Nikial Majors, executive director of human resources, presented information about the 282 new teachers hired this school year. Majors said staff attended 39 job fairs and teacher recruitment initiatives included focusing on diversity, expanding utilization of technology and social media, creating an internal talent pipeline, forging relationships with new colleges, extending offers at job fairs and hosting CCPS job fairs. Majors told legislators and the Charles County Commissioners that their support with affordable housing, affordable benefits and adequate funding are the areas where they can have the most impact on the school system's ability to attract and keep quality teachers.
Hill told legislators that Board members and staff are available for consultation on any education issue that might surface in the coming legislative session. Del. C.T. Wilson requested information on the school system's priorities and areas of focus within the Kirwan Commission report. Del. Edith Patterson asked to meet with staff more often.
Members of the Charles County legislative delegation, including Senator-elect Arthur Ellis, Patterson, Del. Susie Proctor and Wilson, along with Charles County Commissioners' President Reuben Collins, Thomasina Coates and Gilbert Bowling, attended the meeting with the Board of Education, Board of Education-elect members and staff.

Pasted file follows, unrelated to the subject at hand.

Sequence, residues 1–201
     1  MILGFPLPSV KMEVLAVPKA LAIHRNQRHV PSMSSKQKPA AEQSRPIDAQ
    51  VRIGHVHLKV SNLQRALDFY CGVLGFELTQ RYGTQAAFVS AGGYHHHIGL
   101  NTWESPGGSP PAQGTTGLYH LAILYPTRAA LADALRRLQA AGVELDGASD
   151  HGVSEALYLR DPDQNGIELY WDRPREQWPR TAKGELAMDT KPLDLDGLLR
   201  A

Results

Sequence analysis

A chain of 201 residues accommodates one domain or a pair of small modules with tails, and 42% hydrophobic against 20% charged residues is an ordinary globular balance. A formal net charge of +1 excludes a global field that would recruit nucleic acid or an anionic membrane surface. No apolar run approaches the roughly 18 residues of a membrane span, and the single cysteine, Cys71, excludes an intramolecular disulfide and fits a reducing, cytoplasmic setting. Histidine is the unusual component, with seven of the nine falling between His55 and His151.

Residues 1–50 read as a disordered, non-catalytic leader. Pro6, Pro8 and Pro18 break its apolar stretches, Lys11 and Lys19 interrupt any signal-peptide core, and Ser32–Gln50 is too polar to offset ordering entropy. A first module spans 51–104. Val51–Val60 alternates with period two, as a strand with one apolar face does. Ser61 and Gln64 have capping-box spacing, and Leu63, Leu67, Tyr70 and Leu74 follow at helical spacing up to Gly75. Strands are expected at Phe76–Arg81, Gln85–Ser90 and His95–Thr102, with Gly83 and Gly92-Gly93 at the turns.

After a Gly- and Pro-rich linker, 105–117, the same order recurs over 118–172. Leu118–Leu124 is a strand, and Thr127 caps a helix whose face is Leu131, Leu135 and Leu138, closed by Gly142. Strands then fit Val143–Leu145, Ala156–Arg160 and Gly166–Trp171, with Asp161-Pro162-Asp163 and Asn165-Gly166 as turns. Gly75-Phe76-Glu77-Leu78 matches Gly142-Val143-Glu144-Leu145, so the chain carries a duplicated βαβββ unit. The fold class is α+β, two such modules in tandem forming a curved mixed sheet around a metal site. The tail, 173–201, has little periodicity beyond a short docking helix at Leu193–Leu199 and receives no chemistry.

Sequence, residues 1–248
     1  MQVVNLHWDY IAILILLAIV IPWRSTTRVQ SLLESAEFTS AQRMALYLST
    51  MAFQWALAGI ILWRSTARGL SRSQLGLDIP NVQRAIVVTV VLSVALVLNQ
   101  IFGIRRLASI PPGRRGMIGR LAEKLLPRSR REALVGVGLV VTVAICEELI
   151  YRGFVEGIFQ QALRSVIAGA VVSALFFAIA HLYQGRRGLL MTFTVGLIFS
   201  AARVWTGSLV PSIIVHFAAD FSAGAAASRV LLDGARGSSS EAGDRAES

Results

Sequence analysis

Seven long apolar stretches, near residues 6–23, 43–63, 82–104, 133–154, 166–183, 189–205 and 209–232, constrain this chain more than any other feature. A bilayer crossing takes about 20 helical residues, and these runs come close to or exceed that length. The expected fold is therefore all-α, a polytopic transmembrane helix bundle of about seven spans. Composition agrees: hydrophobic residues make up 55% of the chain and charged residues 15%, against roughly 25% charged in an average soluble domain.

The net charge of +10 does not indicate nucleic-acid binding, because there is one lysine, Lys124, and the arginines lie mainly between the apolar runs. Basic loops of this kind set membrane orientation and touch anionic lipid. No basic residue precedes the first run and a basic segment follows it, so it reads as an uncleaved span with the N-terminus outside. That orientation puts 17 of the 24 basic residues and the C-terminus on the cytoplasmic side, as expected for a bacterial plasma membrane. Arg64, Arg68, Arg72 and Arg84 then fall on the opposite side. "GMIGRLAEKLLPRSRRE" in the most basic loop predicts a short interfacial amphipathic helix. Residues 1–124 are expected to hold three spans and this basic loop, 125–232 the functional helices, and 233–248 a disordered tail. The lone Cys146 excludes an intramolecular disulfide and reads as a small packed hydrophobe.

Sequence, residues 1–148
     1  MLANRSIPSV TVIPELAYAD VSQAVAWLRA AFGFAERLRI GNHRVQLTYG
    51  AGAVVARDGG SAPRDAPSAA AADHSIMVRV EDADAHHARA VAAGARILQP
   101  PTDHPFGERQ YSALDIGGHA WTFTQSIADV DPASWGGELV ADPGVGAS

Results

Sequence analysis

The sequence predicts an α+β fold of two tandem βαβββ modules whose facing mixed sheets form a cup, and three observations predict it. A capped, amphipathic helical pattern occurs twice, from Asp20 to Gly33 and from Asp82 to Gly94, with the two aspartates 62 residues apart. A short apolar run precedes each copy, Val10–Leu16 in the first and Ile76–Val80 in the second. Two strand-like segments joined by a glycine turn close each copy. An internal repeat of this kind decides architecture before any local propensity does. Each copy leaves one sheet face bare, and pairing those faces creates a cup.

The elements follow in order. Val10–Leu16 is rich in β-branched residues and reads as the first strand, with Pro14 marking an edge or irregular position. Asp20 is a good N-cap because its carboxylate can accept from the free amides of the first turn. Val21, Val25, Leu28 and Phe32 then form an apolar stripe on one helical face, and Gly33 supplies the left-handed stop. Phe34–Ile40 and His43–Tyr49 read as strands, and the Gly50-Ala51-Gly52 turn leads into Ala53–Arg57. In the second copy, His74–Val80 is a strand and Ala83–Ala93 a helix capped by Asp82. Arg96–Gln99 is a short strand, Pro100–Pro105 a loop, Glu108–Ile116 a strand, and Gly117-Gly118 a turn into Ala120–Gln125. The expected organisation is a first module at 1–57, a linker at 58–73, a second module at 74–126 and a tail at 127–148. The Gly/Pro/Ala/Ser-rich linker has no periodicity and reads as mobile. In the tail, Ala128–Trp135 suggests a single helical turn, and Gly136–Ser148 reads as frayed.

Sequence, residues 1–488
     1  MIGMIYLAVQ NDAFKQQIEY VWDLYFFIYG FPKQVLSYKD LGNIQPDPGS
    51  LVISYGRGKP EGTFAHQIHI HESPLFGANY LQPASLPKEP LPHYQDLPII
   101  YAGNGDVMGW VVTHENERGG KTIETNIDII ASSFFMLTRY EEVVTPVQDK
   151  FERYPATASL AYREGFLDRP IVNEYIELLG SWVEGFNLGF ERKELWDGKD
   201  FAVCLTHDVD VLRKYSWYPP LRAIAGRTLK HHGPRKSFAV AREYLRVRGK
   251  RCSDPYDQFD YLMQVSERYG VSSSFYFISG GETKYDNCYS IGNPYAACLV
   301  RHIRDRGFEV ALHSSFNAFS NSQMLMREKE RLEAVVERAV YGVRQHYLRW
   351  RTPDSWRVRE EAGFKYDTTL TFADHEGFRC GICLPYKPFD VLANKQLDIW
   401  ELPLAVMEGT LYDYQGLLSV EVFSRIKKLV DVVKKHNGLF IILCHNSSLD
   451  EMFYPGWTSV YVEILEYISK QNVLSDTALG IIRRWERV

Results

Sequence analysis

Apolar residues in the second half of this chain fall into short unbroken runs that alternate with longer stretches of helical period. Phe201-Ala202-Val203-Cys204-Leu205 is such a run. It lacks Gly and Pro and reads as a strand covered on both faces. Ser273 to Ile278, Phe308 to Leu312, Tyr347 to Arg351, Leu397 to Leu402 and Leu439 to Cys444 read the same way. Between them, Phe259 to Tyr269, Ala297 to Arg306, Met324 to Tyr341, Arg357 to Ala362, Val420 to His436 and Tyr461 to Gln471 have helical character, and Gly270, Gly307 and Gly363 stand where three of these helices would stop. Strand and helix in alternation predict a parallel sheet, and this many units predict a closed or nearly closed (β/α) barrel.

Board of Education XVII officially takes office
Members of the Board of Education of Charles County XVII took the oath of office Dec. 17 during a swearing-in ceremony held at North Point High School. Four new Board Members—Tajala Battle-Lockhart, Elizabeth Brown, David Hancock and Latina Wilson—were elected in November to their first term in office and join incumbents Jennifer Abell, Michael Lukas and Virginia McGraw, who were re-elected.
Board members serve a four-year term and elect officers annually at the January meeting. Krisha Patel, student member of the Board of Education and Westlake High School senior, officiated the ceremony. North Point students in the Air Force JROTC Color Guard, string quartet and Eagles in Harmony set the stage for the ceremony, providing the presentation of colors prelude and national anthem. Superintendent of Schools Dr. Kimberly Hill welcomed the new Board and ceremony guests.
In her welcoming remarks, Hill shared her excitement to begin working with a new Board. "The seven people who will take their oath of office today will provide vision and direction for Charles County Public Schools for the next four years. You have been entrusted with providing leadership for the academic success of more than 27,000 students. Together, our students are counting on us, and I know that we won't let them down," Hill said.